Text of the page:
(photo credit: Courtesy)
For the first time, a human gene connected to susceptibility to chronic pain
caused by nerve injury has been identified.
The accomplishment belongs to
Hebrew University of Jerusalem researchers, along with colleagues abroad, who
say it constitutes a significant step toward better understanding and treating
Chronic pain is a serious medical problem, afflicting
about one-fifth of all adults.
Some people are more susceptible
to it than others, and the degree of pain experienced after injury or
highly variable; some may feel a lot of pain and others less, even if
injured under nearly identical circumstances.
Because of this
variability, researchers have been looking at the influence of genetics
susceptibility to chronic pain.
Prof. Ariel Darvasi of HU’s Alexander
Silberman Institute of Life Sciences published an article in the August 5
of the journal Genome Research
about a region of mouse chromosome #15
apparently contains a genetic variant or variants contributing to pain.
as this region contains many genes, the responsible variant remained
Darvasi and an international team of researchers – including
HU pain researcher Prof. Marshall Devor and scientists from the
Toronto, the Sanofi-Aventis pharmaceutical company in Germany, and the
Karolinska Institute Center for Oral Biology in Sweden – undertook two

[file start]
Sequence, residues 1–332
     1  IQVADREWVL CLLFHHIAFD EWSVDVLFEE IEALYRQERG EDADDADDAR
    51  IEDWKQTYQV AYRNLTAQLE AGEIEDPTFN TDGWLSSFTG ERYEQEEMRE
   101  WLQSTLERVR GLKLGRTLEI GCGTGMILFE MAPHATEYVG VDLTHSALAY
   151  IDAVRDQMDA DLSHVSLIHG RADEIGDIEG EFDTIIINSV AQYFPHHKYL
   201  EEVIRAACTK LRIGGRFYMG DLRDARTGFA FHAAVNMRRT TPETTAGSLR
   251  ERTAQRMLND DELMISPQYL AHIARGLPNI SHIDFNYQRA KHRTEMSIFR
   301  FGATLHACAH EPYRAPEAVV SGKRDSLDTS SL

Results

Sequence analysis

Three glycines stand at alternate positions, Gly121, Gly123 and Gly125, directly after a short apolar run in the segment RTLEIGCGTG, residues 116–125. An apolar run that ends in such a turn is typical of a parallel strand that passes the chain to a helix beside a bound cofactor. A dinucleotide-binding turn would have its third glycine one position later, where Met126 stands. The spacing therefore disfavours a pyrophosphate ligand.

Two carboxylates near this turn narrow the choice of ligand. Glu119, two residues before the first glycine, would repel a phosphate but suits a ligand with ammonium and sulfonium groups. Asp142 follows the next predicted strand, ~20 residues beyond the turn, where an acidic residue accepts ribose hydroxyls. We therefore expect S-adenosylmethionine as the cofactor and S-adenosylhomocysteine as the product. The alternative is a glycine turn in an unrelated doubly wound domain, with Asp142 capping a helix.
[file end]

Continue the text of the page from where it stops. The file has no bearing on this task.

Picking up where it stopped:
fine-mapping approaches to narrow down the chromosomal locus to an
155 genes. By applying a bioinformatics approach and whole genome
analysis, they were able to confidently identify a single gene, Cacgn2,
To further test the potential role of Cacgn2 in chronic
pain, the authors used a mouse strain bearing a mutant version of the
had previously been used in epilepsy research. In testing the mice for
behavioral and electrophysiological characteristics of chronic pain,
that the observations were consistent with a functional role for Cacgn2
even though it might be “modest.”
However, the question still remained as
to whether the human version of the gene was also important for chronic
Analyzing a cohort of breast cancer patients who experienced chronic
pain half a
year or more after they had undergone removal or partial removal of a
they found that genetic variants of Cacng2 were significantly associated
this chronic pain.
The authors cautioned that although this association
would need to be analyzed further, the result was encouraging.
noted that the immediate significance was “the mere awareness that
in pain perception may have a genetic predisposition.”